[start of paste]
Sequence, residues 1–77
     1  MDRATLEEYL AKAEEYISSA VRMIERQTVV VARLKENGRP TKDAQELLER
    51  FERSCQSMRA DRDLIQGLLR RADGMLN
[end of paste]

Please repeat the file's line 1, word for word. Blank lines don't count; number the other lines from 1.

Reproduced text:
Sequence, residues 1–77